Insane in Parenthesis (From 9/11 to COVID)
In a new essay, PeaceQuest Cape Breton’s Sean Howard wonders whether the blood-stained twenty years following the terrorist attacks of September 11, 2001 might have been avoided if the world had truly transformed following the end of the fearful Cold War in 1989.
“As I have oft-lamented, the 1990s was a decade of tragically lost opportunity, the criminal squandering of the post-Cold War ‘peace dividend,’ the briefly realistic prospect of a far less violent – and far more equal – world. Had such a sane global order – radically demilitarized, completely denuclearized – emerged by September 11, 2001, it would still have faced daunting challenges, most urgently the risk of chronic climate breakdown and the related perils of unsustainable development, e.g. pandemics spawned by the collapse of biodiversity,” writes Howard.
“And it would still have been rocked to its core by 9/11 – though I strongly suspect, in the context of a peaceful revolution in international affairs, that the sky would not have fallen that morning. But even if it had, surely such a new world would have been brave enough not to respond to terror with terror, depravity with torture, lawlessness with illegality, non-state violence with war, war, war…”
As Howard documents, “In September 2020, the Costs of War project ‘conservatively’ estimated “that at least 37 million people have fled their homes in the eight most violent wars the US military has launched or participated in since 2001.”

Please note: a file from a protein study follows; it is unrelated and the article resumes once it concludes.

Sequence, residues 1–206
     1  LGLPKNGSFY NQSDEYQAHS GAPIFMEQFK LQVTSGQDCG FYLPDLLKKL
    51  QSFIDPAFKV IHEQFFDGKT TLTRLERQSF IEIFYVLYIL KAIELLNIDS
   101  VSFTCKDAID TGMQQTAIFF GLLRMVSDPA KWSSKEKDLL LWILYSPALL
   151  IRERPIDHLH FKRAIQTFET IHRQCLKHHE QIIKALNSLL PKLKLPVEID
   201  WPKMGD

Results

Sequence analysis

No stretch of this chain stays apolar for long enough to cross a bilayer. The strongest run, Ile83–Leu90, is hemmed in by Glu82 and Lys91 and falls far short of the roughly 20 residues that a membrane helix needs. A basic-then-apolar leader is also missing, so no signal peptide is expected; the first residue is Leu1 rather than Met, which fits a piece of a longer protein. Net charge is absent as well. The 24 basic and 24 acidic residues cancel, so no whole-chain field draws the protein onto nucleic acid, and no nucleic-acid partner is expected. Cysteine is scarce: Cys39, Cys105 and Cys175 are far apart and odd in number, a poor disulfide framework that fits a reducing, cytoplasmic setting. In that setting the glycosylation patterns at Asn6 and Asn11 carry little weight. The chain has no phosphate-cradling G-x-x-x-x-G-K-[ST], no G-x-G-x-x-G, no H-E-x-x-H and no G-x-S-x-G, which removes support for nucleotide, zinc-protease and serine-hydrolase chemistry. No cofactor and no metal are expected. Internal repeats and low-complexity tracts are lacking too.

“But surely no development since 9/11 has more thoroughly exposed the folly of seeking national security through military superiority than the Coronavirus pandemic. What authentic, human security would $6.4 trillion have purchased America, a Superpower without a national health service and gravely disfigured by poverty, bigotry and inequity? Post-pandemic, President Biden has a chance to close the sordid parenthesis that opened on that halcyon morning, and ‘raise the starting gun’ on a new American revolution: from a war-addicted menace to an anti-war state,” concludes Howard.
Sean Howard is adjunct professor of political science at Cape Breton University and member of Peace Quest Cape Breton and the Canadian Pugwash Group.
- Read “Insane in Parenthesis (From 9/11 to COVID)” by Sean Howard, published by the Cape Breton Spectator on September 8, 2021.